Leptospirosis is a rare and contagious bacterial infection that can be very serious. The infection is caused by the bacterium called Leptospira . Leptospirosis is most common in warm, tropical conditions and can affect any part of the body. With prompt and proper treatment, prognosis is usually good. If untreated, complications may develop that can potentially be fatal.
Leptospirosis is caused by contact with fresh water, wet or dampened soil, or vegetation that has been soiled by urine from an infected animal.
When contact is made with the contaminated material, the bacteria enter the body through open sores or wounds in the skin, or through mucous membranes. People can also contract leptospirosis by drinking water that has been contaminated by the urine of an infected animal.
Once the bacterium has entered the body, it flows into the bloodstream and throughout the body, causing infection.
A risk factor is something that increases your chance of getting a disease or condition. Anyone can contract leptospirosis, but the following people are at an increased risk of developing leptospirosis:
Symptoms typically appear about 10 days after infection and may include one or more of the following:
Your doctor will ask about your symptoms and medical history, and perform a physical exam.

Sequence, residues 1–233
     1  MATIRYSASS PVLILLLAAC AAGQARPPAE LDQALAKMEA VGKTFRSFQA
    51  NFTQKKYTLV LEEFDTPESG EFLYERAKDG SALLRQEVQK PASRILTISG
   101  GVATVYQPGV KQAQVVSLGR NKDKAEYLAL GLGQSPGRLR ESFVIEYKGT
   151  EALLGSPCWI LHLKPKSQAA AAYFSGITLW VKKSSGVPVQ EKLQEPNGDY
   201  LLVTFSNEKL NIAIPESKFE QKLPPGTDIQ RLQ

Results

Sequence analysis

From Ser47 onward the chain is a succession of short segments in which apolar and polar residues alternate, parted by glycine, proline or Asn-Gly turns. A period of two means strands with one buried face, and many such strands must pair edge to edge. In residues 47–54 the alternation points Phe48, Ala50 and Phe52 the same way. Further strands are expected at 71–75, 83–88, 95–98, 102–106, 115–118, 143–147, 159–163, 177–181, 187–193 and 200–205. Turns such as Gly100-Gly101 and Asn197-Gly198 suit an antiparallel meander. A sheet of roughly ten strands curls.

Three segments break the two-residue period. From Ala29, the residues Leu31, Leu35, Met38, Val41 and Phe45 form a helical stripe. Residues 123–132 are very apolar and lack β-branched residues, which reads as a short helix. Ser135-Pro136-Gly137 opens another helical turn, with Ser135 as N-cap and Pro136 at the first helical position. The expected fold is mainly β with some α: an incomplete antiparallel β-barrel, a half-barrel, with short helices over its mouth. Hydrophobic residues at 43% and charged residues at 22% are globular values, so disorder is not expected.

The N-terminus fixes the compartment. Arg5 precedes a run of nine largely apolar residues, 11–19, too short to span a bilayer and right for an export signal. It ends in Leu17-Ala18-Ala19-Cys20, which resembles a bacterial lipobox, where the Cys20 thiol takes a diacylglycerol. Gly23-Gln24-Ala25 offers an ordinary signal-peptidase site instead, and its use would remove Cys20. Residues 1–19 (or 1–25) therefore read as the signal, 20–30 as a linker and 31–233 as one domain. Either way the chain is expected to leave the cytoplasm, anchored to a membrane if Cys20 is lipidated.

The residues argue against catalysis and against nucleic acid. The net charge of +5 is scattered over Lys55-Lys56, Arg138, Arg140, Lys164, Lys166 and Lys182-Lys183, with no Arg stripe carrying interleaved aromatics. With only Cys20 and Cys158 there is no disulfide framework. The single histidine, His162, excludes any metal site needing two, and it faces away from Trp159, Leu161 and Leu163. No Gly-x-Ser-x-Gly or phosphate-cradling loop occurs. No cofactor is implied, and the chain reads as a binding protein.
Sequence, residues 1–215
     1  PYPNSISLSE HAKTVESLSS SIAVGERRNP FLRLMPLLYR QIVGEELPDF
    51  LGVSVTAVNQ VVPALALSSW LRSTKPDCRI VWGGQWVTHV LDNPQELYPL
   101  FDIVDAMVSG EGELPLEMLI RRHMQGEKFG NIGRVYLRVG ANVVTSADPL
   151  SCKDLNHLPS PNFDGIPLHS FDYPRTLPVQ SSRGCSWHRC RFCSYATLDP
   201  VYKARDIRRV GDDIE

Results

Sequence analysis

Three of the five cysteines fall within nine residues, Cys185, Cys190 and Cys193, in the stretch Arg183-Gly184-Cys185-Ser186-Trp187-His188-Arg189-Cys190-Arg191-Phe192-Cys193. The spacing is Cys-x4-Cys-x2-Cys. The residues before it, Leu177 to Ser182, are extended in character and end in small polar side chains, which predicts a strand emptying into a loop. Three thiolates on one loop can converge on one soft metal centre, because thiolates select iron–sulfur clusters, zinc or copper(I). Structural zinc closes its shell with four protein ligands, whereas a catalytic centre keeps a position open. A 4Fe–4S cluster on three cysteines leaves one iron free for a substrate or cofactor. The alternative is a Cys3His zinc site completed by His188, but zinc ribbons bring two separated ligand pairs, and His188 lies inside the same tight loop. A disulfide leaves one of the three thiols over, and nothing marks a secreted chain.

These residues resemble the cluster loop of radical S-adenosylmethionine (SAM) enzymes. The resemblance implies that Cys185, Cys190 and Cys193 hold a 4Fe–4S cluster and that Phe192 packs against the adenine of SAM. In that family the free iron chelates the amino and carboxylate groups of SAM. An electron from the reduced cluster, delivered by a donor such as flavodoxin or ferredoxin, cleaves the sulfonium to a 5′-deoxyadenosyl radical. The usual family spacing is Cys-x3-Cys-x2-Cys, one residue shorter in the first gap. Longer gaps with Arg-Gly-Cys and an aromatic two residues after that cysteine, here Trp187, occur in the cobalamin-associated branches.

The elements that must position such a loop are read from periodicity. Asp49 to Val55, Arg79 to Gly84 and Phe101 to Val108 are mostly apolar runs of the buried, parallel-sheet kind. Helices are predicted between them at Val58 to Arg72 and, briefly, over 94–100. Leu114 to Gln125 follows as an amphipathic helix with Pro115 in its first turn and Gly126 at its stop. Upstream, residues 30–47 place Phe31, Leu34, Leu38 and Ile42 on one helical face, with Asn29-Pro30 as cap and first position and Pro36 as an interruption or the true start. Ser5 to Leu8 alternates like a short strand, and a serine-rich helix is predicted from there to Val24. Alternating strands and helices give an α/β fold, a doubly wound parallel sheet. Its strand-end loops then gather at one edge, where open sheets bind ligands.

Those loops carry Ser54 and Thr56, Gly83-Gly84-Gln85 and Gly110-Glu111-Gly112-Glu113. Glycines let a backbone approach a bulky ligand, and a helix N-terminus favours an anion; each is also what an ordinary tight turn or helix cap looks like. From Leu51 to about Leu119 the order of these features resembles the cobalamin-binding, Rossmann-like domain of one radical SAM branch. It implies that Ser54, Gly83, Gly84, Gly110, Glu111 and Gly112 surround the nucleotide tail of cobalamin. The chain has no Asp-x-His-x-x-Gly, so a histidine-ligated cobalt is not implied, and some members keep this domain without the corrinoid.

Tests may include the following:
Talk with your doctor about the best treatment plan for you. Treatment options include:
To help reduce your chances of getting leptospirosis, take the following steps:
The Leptospirosis Information Center
United States National Library of Medicine
Canadian Health Network
Ellis T, Imrie A, Katz AR, Effler PV. Underrecognition of leptospirosis during a dengue fever outbreak in Hawaii, 2001-2002. Vector Borne Zoonotic Dis . 2008;8(4):541-7.
Hartskeerl RA, Collares-Pereira M, Ellis WA. Emergence, control and re-emerging leptospirosis: dynamics of infection in the changing world. Clin Microbiol Infect. 2011;17(4):494-501.
Katz AR, Buchholz AE, Hinson K, Park SY, Effler PV. Leptospirosis in Hawaii, USA, 1999-2008. Emerg Infect Dis. 2011;17(2):221-226.
Leptospirosis. Division of Bacterial and Mycotic Diseases. Centers for Disease Control and Prevention website. Available at: http://www.cdc.gov/ncidod/dbmd/diseaseinfo/leptospirosis_g.htm . Accessed April 19, 2007.
Leptospirosis (Weil's disease). New York State Department of Health website. Available at: http://www.health.state.ny.us/diseases/communicable/leptospirosis/fact_sheet.htm . Accessed April 19, 2007.
MacAllister C. Leptospirosis. Oklahoma Cooperative Extension Fact Sheet. Oklahoma Cooperative Extension Service website. Available at: http://osuextra.okstate.edu/pdfs/F-9130web.pdf . Accessed April 19, 2007.
Stern EJ, Galloway R, Shadomy SV, et al. Outbreak of leptospirosis among Adventure Race participants in Florida, 2005. Clin Infect Dis . 2010;50(6):843-9.
Last reviewed December 2011 by Lawrence Frisch, MD, MPH
Please be aware that this information is provided to supplement the care provided by your physician. It is neither intended nor implied to be a substitute for professional medical advice. CALL YOUR HEALTHCARE PROVIDER IMMEDIATELY IF YOU THINK YOU MAY HAVE A MEDICAL EMERGENCY. Always seek the advice of your physician or other qualified health provider prior to starting any new treatment or with any questions you may have regarding a medical condition.
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